Even as some manufacturers build performance-oriented SUVs capable of ever more egregious offenses against the laws of physics, it’s nice to find one that unashamedly prioritizes comfort and utility over outright speed. The new Land Rover Discovery Td6 diesel is respectably brisk for something of its shape and size, but we can be certain it is never going to be sent to attempt a Nürburgring record. Rather, it’s a supremely laid-back hauler, capable of dispatching long journeys without breaking sweat.
the four-cylinder Jaguar F-Pace 20d and the XE and XF 20d sedans. We know that the company is working on a new diesel inline-six as part of its modular Ingenium powertrain family, but for now the Disco makes do with the far more old-fashioned 3.0-liter V-6 that we’ve already seen in both the Range Rover and the Range Rover Sport. Trace the diesel six’s ancestry far enough and you’ll discover that this engine was originally created for a long-forgotten joint venture between Ford and the PSA Group (manufacturer of Peugeot and Citroën), but over the years it has gained brawn and reduced emissions and was cleaned up to pass United States EPA standards through the use of urea injection (a.k.a. diesel exhaust fluid, or DEF). As with its Range Rover sisters, Land Rover estimates that the Discovery’s onboard DEF tank should suffice for up to 10,000 miles between fills.
The TD6 engine is more expensive than the supercharged V-6 that’s standard in the new Discovery, yet it makes a strong case for paying the upcharge. The Td6 is available in both HSE ($59,945) and HSE Luxury ($66,945) grades and costs $2000 more than the gasoline equivalents. While down on horsepower compared with the gas engine, making only 254 rather than 340, it boasts much more torque, with its peak 443 lb-ft available from just 1750 rpm, against the gas V-6’s 332 lb-ft at 3500.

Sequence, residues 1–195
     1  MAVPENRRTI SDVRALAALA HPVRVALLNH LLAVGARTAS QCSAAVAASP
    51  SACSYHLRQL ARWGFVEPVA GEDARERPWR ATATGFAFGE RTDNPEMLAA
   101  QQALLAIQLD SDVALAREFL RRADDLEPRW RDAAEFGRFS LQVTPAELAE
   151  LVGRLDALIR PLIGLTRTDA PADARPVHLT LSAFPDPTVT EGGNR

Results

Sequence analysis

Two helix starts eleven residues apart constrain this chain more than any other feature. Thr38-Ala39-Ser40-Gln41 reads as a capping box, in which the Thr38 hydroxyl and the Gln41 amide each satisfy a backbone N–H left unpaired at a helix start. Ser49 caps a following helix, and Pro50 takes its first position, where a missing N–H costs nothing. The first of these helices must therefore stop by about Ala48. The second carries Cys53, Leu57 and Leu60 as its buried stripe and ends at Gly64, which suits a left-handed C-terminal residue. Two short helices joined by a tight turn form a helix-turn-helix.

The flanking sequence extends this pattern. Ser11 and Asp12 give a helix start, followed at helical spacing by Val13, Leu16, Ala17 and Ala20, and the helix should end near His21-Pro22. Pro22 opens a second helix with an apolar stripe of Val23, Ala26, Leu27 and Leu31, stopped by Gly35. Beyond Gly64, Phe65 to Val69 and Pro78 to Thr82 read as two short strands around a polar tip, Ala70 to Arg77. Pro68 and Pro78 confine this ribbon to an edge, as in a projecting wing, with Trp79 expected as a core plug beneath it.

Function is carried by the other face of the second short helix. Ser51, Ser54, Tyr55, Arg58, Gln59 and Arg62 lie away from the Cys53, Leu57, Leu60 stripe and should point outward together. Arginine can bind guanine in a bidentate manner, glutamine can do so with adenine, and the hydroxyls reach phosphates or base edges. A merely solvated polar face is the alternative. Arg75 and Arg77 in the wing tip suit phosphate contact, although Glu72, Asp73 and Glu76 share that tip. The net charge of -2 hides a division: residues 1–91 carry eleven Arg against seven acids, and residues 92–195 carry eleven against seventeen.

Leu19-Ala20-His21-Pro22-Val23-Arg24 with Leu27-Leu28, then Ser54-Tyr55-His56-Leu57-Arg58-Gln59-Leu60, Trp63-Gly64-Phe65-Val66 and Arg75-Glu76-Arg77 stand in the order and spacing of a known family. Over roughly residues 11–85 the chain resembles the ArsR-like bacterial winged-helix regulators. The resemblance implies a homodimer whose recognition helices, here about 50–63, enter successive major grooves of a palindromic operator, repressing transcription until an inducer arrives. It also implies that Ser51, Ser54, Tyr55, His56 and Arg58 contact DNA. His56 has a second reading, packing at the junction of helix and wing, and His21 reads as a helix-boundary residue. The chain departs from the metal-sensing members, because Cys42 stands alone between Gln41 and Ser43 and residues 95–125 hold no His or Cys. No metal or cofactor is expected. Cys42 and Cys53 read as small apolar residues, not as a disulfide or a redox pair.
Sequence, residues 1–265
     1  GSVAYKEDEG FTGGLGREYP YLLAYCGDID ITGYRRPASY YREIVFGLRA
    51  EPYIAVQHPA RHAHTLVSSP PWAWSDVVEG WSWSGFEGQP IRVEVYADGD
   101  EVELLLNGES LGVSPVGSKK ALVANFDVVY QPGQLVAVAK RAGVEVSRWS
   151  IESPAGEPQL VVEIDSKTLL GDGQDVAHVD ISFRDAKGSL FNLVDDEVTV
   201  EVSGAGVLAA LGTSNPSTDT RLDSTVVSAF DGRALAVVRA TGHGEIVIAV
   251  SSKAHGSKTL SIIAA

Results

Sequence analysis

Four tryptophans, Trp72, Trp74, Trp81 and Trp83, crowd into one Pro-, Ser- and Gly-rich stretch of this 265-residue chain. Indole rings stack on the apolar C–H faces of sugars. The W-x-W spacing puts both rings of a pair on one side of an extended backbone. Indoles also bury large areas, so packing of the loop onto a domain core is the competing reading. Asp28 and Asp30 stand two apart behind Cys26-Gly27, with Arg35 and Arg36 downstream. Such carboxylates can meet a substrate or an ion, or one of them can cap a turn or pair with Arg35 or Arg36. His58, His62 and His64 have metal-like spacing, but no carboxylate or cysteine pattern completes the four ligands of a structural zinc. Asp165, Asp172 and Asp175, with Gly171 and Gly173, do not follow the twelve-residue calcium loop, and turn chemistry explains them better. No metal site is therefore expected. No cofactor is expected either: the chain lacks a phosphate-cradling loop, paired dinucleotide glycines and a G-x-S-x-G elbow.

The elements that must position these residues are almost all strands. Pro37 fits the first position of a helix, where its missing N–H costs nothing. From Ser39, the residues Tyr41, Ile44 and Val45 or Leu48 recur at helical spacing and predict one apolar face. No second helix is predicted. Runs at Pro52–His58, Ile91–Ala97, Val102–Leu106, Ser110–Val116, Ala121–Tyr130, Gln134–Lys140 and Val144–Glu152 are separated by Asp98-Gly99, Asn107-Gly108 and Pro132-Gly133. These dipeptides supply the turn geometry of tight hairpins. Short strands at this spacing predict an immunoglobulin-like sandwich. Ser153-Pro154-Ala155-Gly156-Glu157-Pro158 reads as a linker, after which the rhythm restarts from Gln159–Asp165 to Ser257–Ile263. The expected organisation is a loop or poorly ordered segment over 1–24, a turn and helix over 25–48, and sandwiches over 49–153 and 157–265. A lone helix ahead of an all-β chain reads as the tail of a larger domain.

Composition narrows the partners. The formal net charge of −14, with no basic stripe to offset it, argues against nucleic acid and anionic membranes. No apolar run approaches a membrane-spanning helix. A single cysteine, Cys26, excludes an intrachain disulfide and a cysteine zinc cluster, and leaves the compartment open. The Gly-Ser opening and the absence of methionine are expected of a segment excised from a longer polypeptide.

That number, unsurprisingly, defines the way the Td6 drives. Although ultimate pace is some way short of that provided by its petrol sibling, the diesel boasts superior everyday drivability thanks to its low-down muscle and the intelligent shift strategy of the standard eight-speed automatic. The result is a car that feels satisfyingly brisk without ever venturing beyond the first quarter of the accelerator pedal’s travel. Under gentle use the Td6 emits nothing louder than a muscular hum that only the keenest ears will be able to distinguish from the sound of a direct-injected gasoline engine.
Under pressure, the Discovery loses some composure. The engine gets loud under hard use, and the narrowness of its powerband is exposed—although the rev counter shows a redline set at 4800 rpm, the engine won’t pull beyond 4100 even in the gearbox’s manual mode. All-out urge is respectable but completely unexceptional for something this shape and size: We recorded an 8.0-second zero-to-60-mph time, half a second slower than our former long-term Range Rover Td6 managed over the same benchmark when new. Both cars recorded the same 5.8-second time in the 50-to-70-mph passing test, a more relevant challenge for their typical duty cycle.